The various components of the woodworking industry’s supply chain need to establish close links to ensure the industry’s sustainable development, an expert has said.
Such linkages would bring many benefits, including efficient utilisation of resources, increase in specialisation, reduction in risks, more market opportunities and higher profits, To Xuan Phuc of the sustainable forestry NGO Forest Trends organisation, said.
He was speaking at a forum held in HCM City last week by the Vietnam Timber and Forest Product Association, the Handicrafts and Wood Industry Association of HCM City, Forest Trends, and the Forest Products Association of Binh Dinh.
There are around 4,300 businesses in the Vietnamese woodworking industry employing thousands of workers, he said.
But vertical and horizontal linkages in the industry, including links between wood processors, timber suppliers and forest growers, and between firms in the same sector, remain weak mainly due to a lack of trust and fair sharing of benefits, he said.
It is one of the country’s key export industries, with export revenues going up every year and expected to continue rising in the coming time, he said.
“But there remain some systemic shortcomings that affect the sustainable development of the industry.”
Vietnamese companies tend to invest in the entire production chain, which often means the investment is spread too thin, technologies are mismatched, and there is no specialisation at any stage in the supply chain, he said.
Besides, there is no supporting industry for the woodworking industry, and as a result its productivity is much lower than in Thailand or Malaysia, he said.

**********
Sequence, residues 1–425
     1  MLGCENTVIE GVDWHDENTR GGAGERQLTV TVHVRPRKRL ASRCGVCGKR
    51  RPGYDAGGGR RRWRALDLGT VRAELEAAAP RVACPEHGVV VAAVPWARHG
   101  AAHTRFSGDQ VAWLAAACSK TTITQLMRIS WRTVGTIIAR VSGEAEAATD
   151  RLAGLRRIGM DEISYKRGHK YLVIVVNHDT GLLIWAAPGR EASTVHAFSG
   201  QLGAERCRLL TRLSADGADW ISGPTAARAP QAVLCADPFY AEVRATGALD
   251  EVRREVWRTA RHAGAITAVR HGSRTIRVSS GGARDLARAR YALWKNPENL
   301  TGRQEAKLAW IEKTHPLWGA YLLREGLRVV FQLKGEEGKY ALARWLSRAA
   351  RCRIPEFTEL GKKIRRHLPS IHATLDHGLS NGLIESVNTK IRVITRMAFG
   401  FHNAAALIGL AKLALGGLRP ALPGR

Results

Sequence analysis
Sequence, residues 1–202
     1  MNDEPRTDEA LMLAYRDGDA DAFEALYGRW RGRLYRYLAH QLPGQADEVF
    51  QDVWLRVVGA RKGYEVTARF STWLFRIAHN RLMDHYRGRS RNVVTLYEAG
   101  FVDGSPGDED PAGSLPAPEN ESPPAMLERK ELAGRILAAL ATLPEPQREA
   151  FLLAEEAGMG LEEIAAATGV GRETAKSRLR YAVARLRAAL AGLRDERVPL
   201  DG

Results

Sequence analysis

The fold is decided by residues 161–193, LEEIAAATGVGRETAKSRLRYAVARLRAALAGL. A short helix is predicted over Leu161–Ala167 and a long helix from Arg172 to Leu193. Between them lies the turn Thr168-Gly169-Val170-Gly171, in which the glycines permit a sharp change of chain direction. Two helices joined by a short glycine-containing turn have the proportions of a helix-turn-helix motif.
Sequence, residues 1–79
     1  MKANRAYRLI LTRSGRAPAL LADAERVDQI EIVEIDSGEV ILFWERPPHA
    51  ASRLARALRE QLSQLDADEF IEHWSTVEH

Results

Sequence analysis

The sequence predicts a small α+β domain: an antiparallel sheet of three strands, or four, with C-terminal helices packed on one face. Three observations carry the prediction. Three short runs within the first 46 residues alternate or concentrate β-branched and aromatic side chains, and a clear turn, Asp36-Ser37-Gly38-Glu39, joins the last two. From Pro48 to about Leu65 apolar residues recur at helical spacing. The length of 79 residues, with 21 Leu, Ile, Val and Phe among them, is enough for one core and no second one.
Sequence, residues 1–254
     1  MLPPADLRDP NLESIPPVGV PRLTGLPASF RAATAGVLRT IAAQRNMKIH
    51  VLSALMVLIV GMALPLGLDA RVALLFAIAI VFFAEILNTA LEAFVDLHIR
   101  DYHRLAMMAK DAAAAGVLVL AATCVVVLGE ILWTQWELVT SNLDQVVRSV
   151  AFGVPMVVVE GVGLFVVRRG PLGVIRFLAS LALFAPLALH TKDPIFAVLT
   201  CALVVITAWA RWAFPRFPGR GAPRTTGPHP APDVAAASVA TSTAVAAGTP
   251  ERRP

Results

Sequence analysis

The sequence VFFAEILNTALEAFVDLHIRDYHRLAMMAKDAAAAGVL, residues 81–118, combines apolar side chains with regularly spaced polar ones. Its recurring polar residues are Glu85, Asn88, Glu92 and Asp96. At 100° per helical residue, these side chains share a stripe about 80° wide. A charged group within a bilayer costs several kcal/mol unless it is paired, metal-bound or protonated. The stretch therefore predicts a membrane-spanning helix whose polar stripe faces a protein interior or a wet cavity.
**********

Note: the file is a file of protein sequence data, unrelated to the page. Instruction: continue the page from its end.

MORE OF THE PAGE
A shortage of raw materials also threatens the sustainable development of the industry.
Dien Quang Hiep, chairman and director of MIFACO Co., Ltd, said: “A majority of firms in the industry are small or medium-sized, and if we do not link up we [cannot] compete with large foreign firms.
“These linkages would determine the very survival of the industry,” he said.
The businesses in the industry are scattered and so it is hard for them to link up and work together, he said.
The creation of a wood processing industry cluster would provide companies the opportunity to share information, resources and export orders, he said.
This needs support from the Government and localities, he said.
Vo Quang Ha, general director of Tan Vinh Cuu Joint Stock Company (Tavico), said to successfully forge linkages, enterprises must have the same direction and a common goal.
They need to discuss ways to develop linkages and avoid conflicts, he said.
The association must play a greater role as an intermediary to bring them together for mutual benefit, he said.
Companies should establish close links with households that grow forests to ensure a steady source of timber and reduce risks, delegates told the forum.
Nguyen Quang Vinh of the Vietnam Timber and Forest Product Association, said planted forests have become the main source of timber for Vietnam’s wood processing industry.
To develop a steady and legitimate source of timber, some linkages have been established between wood processing companies and households growing forests, he said.
For instance, companies making products for IKEA Group, one of the world’s largest wood products company - such as Nam Dinh Forest Products JSC (NAFOCO), Woodsland JSC, and Scansia Pacific - have tied up with households in Phu Tho, Tuyen Quang, Yen Bai, and Quang Tri provinces to grow forests certified by the Forest Stewardship Council, he said.
They use the certified sustainable wood to make products for IKEA, he said.
This model helps improve benefits for the households and ensure a steady supply of timber for the companies, he added.